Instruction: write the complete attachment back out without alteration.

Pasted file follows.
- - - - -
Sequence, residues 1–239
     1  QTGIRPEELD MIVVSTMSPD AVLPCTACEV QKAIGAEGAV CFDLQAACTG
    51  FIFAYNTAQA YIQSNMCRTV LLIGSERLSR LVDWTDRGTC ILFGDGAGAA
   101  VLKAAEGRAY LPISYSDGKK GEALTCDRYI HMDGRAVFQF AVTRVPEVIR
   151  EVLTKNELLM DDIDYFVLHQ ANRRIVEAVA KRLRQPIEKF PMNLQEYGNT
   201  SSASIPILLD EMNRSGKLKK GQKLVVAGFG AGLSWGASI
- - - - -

Sequence, residues 1–239
     1  QTGIRPEELD MIVVSTMSPD AVLPCTACEV QKAIGAEGAV CFDLQAACTG
    51  FIFAYNTAQA YIQSNMCRTV LLIGSERLSR LVDWTDRGTC ILFGDGAGAA
   101  VLKAAEGRAY LPISYSDGKK GEALTCDRYI HMDGRAVFQF AVTRVPEVIR
   151  EVLTKNELLM DDIDYFVLHQ ANRRIVEAVA KRLRQPIEKF PMNLQEYGNT
   201  SSASIPILLD EMNRSGKLKK GQKLVVAGFG AGLSWGASI